Procalcitonin-guided antibiotic discontinuation in ventilator-associated pneumonia: a prospective observational study
Received 15 October 2018
Accepted for publication 23 February 2019
Published 10 April 2019 Volume 2019:12 Pages 815—824
Checked for plagiarism Yes
Review by Single-blind
Peer reviewer comments 4
Editor who approved publication: Dr Joachim Wink
Qiushi Wang,1,2 Dapeng Hou,2 Jing Wang,3 Kai An,2 Chenghe Han,2 Chunting Wang1
1Department of Intensive Care Unit, Shandong Provincial Hospital Affiliated to Shandong University, Jinan, Shandong, People’s Republic of China; 2Department of Intensive Care Unit, Affiliated Hospital of Taishan Medical University, Taian, Shandong, People’s Republic of China; 3Department of Respiratory Medicine, Affiliated Hospital of Taishan Medical University, Taian, Shandong, People’s Republic of China
Background: Procalcitonin (PCT), an important biomarker, can be used for the guidance of antibiotic therapy in respiratory infection. However, it has been a problem that some patients might need antibiotic therapy restart because of infection recurrence after antibiotic discontinuation. To date, there are very few literature on the study of risk factors accounting for infection recurrence. Purpose of this clinical study: 1) To study on antibiotic discontinuation in ventilator-associated pneumonia (VAP) under the guidance of PCT; 2) To evaluate the possible risk factors leading to infection recurrence and antibiotic reuse.
Methods: Antibiotic discontinuation was performed when patients met the following criteria: (i) serum PCT<0.5 μg/L, (ii) temperature<38.5℃ and (iii) leukocyte count<15×109/L. Next, the patients were divided into infection recurrence group (infection recurring within 7 days after antibiotic discontinuation) or infection controlled group (no infection recurring after antibiotic discontinuation). Possible risk factors accounting for infection recurrence were evaluated using logistic regression analysis.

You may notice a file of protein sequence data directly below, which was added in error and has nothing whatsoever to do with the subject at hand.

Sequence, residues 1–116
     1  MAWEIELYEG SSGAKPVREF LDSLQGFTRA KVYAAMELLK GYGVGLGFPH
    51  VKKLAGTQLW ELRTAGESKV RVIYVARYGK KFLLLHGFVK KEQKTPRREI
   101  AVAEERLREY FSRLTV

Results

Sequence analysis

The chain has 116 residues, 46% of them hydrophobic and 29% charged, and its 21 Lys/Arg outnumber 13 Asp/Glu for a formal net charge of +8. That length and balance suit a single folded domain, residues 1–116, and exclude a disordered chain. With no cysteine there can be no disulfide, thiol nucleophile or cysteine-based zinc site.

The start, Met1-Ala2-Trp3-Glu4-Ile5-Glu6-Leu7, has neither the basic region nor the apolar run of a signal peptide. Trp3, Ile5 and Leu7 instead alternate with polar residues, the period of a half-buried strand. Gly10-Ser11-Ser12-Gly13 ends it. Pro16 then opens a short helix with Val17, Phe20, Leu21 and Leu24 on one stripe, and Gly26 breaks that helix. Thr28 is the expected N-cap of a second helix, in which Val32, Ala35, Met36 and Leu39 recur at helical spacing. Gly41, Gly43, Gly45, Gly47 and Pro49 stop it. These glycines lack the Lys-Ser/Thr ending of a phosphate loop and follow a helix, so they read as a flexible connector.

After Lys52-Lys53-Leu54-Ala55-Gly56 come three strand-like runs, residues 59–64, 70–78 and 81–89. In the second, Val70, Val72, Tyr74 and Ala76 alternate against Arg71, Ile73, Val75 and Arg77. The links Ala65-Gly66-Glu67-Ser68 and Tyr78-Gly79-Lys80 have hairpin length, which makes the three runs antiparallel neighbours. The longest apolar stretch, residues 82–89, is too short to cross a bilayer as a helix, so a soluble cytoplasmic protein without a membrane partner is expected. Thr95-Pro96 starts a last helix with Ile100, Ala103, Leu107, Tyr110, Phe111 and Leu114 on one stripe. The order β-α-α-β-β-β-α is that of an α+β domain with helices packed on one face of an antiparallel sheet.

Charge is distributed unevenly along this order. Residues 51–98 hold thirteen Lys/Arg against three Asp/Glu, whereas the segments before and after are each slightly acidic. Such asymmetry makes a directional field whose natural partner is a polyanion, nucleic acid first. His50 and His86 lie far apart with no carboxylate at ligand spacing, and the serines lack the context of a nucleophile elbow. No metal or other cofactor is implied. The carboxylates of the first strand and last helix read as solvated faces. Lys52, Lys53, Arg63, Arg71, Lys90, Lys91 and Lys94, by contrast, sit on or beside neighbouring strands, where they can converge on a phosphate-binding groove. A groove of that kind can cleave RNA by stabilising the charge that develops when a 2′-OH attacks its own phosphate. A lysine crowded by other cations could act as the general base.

Results: Of the eligible 51 patients with VAP, 20 patients suffered infection recurrence. Clinical pulmonary infection score (CPIS) and characteristics of tracheal secretions were the independent risk factors (P=0.045 and P=0.041, respectively), accounting for infection recurrence. Simplified CPIS≥5 served a certain predictive value for infection recurrence in VAP when physicians considered antibiotic discontinuation (The area under the receiver operating characteristic curve 0.781, specificity 90.3%, sensitivity 55.0%, positive predictive value 78.6% and negative predictive value 75.7%). At the time of antibiotic discontinuation, differences between the two groups were not statistically significant in the proportion of patients with a tracheotomy and in the culture results of endotracheal aspirates (including semi-quantitative results and whether pathogens were multidrug-resistant [MDR] strains).
Conclusion: Simplified CPIS and characteristics of tracheal secretions can be used to predict infection recurrence following PCT-guided antibiotic discontinuation in VAP. These findings are important because physicians may not need to put too much care on semi-quantitative culture results of endotracheal aspirates and whether pathogens are MDRstrains.
Trial registration: The registration number of this clinical trial is: ChiCTR-OPC-17011228 (Trial registry name: Chinese Clinical Trial Registry; URL: http://www.chictr.org.cn).
Keywords: ventilator-associated pneumonia, procalcitonin, antibiotic therapy, antibiotic discontinuation, infection recurrence
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